In Singapore, as income rises, they shift from the Toyota to BMWs, and change a new BMW every year. That's how to accelerate the consumption of high-quality goods. Super-Conspicuous consumption.

Thomas B.

"This is why a flat tax will never work, the demand curve tapers off as someone becomes more wealthy. This would make a flat tax structure not just regressive, but repressive."

Yeah, but we're hardly better off with a system that lets Warren Buffett pay 18% of his income in tax, while his secretary pays %30.

A simple but progressive tax seems like the best of both worlds. Keep the postcard sized return, but throw an upward sloping curve into the tax equation. What do you think?

Kaushik Krishnan

True. But couldn't it also be psychological? Most people don't think so hard. When I get richer, I probably don't tell myself `H'm. I have more money, but the same amount of time to spend it, so I'll buy better things'. It's probably, `I'm richer. Hence, I want to/am expected to flaunt it. Also, I have money to burn (and I don't know what to do with it really) so I can buy better stuff. Let's get me some Belgian beer!'

anonymous giver

no matter how rich or poor I am, most alcohol tastes do nothing for me. However, if I was with certain people i know who are rich, they would offer me some world famous expensive import and probably insist that I try it, that it would be better and not bitter. I do not know how to explain that my taste buds refuse to be overridden by their luxury standards.

I discussed this yesterday with someone. It was in the context of me refusing a drink, when in that culture it is rude to refuse something that is offered. It's terrible to have to pour a rich man's alcohol down the drain secretly, and against my own culture to be wasteful.

Now I'lI accept the richman's drink even if it gets me upset that I have to. It's better than getting my testosterone levels worked up and starting a fight with family.

Besides that, I found a happy biological medium instead of economical.

licorice liquor. Licorice reduces testeosterone serum levels even in some healthy women. (probably ones from that Greek isle or even Lebanon where the drink is favored and flavored)



@9: There's plenty of good music out there now. You just have to go look for it.

@13: Shiner Bock is available in Maryland. It's mediocre at best. Though I'll admit my tastes run to the very expensive and very snobby when it comes to beer.

As for the OP, I think somewhere this doesn't work is with college binge drinking. In my experience those who are always fairly short on spending money (these are usually people whose parents are rich enough to pay for their education but not rich enough to give them lots of spending money who don't work) will drink a lot more quantity of beer when they get a few extra bucks.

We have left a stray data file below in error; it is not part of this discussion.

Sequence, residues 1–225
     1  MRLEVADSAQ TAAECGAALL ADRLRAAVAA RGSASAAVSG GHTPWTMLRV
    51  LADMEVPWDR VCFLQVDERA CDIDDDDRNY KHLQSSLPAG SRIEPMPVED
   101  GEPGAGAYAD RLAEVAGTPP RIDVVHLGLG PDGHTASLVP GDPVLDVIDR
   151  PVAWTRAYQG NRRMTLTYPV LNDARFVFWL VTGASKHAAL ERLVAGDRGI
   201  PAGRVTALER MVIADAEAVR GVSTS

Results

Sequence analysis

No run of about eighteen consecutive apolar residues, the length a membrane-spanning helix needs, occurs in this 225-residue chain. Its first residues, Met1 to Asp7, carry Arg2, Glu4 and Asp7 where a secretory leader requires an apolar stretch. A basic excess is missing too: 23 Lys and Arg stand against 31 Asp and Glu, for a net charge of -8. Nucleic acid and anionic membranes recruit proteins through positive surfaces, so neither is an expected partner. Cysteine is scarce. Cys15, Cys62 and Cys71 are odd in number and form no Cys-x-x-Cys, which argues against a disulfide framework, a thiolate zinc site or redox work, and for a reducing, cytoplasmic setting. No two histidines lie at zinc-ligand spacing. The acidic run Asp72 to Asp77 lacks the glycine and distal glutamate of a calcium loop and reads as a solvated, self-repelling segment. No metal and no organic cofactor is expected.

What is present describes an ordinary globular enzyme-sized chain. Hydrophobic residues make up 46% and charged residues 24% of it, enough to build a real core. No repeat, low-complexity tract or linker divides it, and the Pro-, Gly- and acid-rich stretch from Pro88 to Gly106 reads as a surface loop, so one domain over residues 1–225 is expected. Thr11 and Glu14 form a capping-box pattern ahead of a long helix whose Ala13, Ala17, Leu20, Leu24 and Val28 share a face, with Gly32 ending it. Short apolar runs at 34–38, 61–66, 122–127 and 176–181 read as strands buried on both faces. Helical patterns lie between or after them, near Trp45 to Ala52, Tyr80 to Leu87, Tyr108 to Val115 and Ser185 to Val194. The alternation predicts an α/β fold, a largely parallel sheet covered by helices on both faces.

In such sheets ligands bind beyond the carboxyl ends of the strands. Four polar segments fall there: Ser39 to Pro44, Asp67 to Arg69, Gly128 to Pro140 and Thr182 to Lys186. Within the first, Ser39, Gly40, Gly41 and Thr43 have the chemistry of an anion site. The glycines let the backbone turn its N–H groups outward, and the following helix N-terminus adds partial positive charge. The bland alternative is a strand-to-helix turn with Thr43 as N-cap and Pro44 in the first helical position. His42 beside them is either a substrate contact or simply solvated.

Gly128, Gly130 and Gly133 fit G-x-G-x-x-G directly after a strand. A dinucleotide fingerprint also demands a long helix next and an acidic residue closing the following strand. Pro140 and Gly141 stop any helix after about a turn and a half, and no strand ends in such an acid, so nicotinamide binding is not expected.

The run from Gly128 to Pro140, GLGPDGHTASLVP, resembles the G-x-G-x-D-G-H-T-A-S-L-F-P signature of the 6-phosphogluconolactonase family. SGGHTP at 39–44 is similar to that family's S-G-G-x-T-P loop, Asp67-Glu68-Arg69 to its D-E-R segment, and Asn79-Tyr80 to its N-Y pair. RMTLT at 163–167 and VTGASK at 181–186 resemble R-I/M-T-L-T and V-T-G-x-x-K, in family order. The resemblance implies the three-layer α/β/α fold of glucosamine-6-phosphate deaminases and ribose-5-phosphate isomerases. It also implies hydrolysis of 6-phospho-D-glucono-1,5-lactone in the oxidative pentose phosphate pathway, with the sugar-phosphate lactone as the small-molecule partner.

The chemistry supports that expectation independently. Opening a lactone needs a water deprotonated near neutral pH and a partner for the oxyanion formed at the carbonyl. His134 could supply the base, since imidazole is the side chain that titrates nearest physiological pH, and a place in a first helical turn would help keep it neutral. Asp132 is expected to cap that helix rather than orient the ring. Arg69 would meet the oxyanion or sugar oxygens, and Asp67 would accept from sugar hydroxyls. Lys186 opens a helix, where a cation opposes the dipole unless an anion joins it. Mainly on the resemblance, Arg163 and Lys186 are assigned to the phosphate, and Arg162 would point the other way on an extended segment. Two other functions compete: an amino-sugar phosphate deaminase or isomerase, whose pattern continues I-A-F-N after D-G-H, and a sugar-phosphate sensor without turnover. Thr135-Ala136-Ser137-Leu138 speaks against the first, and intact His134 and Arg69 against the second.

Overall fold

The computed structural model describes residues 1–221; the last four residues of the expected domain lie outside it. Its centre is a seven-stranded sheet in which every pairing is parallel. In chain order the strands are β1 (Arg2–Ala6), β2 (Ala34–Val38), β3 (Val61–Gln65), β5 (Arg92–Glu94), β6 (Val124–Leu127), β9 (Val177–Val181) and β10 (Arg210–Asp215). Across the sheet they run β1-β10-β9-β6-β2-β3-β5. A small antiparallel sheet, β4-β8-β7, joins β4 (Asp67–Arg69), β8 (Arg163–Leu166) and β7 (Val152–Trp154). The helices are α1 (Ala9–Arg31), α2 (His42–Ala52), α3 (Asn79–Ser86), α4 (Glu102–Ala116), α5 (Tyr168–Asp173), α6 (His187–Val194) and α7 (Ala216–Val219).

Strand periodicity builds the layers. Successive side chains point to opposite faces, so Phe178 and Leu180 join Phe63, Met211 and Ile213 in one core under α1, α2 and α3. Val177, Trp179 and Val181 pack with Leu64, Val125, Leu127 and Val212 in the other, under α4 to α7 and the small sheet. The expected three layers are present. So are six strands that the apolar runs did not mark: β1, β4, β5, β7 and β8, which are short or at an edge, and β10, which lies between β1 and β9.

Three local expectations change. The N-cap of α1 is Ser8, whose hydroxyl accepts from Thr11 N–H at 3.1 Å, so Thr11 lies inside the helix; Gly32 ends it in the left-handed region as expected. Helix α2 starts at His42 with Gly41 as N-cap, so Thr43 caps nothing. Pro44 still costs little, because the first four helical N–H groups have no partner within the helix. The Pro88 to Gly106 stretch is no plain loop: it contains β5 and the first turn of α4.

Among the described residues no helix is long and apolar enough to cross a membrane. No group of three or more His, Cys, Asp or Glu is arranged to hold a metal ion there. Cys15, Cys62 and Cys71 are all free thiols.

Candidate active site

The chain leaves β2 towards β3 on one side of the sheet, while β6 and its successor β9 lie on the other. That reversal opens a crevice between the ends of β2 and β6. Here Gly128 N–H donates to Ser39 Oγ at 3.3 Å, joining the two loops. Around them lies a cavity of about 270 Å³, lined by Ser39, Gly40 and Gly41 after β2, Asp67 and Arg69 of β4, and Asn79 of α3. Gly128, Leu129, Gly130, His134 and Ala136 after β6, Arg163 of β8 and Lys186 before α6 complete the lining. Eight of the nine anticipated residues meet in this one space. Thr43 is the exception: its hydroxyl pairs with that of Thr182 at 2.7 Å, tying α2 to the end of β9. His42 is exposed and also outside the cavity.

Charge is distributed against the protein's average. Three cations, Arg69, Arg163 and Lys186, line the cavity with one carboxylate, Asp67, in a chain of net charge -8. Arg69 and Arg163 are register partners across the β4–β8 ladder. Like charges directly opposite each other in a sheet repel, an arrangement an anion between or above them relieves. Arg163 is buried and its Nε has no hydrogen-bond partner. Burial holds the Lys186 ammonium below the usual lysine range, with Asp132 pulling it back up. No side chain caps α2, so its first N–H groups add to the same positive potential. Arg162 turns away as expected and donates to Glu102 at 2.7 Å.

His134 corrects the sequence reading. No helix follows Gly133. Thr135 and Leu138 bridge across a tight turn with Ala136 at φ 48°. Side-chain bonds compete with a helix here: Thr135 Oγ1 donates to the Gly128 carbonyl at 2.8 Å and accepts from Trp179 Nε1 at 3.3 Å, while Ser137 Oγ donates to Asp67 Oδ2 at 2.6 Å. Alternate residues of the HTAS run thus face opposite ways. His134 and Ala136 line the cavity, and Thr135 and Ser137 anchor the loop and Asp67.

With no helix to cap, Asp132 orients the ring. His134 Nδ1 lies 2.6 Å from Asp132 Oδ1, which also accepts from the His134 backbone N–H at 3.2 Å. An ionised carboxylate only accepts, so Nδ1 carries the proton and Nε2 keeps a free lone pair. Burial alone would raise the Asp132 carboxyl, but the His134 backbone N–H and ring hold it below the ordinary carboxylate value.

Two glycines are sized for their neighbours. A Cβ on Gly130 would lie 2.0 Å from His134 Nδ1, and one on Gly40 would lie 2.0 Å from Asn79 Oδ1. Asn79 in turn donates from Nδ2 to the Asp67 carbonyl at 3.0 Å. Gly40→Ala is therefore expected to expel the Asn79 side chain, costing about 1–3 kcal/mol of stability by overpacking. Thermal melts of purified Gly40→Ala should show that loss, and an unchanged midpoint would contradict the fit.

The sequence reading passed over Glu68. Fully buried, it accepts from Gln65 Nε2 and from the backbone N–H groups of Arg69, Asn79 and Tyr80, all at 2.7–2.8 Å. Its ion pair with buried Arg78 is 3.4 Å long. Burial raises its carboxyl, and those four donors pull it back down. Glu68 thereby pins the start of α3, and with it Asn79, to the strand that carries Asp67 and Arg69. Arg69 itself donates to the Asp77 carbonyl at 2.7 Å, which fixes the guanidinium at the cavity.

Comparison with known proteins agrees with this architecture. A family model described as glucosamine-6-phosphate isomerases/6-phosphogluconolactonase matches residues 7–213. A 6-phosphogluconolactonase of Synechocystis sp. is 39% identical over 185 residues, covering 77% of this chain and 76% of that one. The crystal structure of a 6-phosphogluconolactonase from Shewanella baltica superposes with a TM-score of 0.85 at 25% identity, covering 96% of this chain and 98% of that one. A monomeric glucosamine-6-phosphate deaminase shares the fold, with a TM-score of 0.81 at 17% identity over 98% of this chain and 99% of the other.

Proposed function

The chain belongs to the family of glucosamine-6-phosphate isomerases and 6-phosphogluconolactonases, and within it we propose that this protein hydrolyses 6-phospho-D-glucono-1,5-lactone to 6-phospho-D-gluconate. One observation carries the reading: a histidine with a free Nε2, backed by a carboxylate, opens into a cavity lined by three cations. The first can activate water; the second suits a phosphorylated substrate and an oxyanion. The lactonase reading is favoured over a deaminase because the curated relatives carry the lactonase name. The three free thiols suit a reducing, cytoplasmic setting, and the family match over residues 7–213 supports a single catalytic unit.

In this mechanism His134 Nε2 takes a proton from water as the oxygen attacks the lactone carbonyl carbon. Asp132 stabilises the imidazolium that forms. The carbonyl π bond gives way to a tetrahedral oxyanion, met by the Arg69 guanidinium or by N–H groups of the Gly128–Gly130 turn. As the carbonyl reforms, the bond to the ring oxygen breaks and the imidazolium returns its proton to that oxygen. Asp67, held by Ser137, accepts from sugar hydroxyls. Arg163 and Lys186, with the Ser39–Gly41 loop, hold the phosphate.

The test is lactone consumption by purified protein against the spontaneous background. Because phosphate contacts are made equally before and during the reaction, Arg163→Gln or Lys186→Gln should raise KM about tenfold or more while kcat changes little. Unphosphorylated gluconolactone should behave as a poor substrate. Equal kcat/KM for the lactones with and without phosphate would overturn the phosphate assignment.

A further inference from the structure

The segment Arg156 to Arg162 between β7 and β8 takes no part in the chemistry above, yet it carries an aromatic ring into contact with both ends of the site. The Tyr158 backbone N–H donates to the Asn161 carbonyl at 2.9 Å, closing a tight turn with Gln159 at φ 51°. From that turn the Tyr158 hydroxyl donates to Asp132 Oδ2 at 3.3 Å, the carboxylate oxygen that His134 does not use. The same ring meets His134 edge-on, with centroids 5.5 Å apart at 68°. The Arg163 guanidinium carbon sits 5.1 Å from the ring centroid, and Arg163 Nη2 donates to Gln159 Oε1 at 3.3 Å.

ie, they'll get drunk four times a week instead of two if you give them an extra 20 bucks. Anecdotal, of course, but worth thinking about. Of course, college is a very distorted time for drinking habits.


Not sure I wouldn't consider a mansion an increase in quantity, just in size.

Many though, do not double their consumption with income. They invest.


But if your increased spending power comes from increased wages (as opposed to inheritence, etc.) then your opportunity cost of time gets higher. You could think of this as giving you less than 24 hours in a day. So the arguments that the rich can gain more time in the day is confounded by this. Isn't it?



While we are all stuck with the same number of hours in a day, wealth allows you to choose what to do with them. If I had more money I would have a maid and yard service which would certainly buy me more time.

That being said, I'm not convinced that incomes are going up. Maybe at a macro level but I don't think that "we the people" are walking around with more disposable income these days.


I drink far less now than when I was a poor college student, but between a job, kids and other life pressures I now savor the few opportunities I do have to have a beer far more... which means I'm willing to spend a bit more on a quality beer even though I drink far less. In fact, the volume difference is so significant that I would estimate my total spending on beer is 10% of what it was when I made far less money.

Colin Suttie

"With incomes rising over time..." - I don't have a link, but I'm pretty sure real incomes in the US have stagnated over the last 30 years or so, and that's if you believe the government's inflation figures.


"With incomes rising over time, businesses are smart to bet on the demand for quality rising"

But are incomes rising over time? I'd say in the last 7-8 years real income for anyone but the upper brackets of society, has declined. Most the increased purchasing power over these last few years during the decline, has come from inflated home equity.


@5 you have to be careful with the scope of definition for inferior and normal goods. While an increase in your income may move you from a Toyota to a Lexus, a similar increase in income may move another person from a Chevy to a Toyota. So, for you Toyota is inferior while for the other guy it is a normal good. A third person might use an income increase to upgrade from a scooter to a Chevy. For a whole population, you can estimate the impacts for the whole ladder of income/preference types. But even there, each county will have a different aggregate response based on the mix of income types in the country. Incomes rising in the U.S. may push down purchases of window unti air conditioners, while income increases in China may push them up.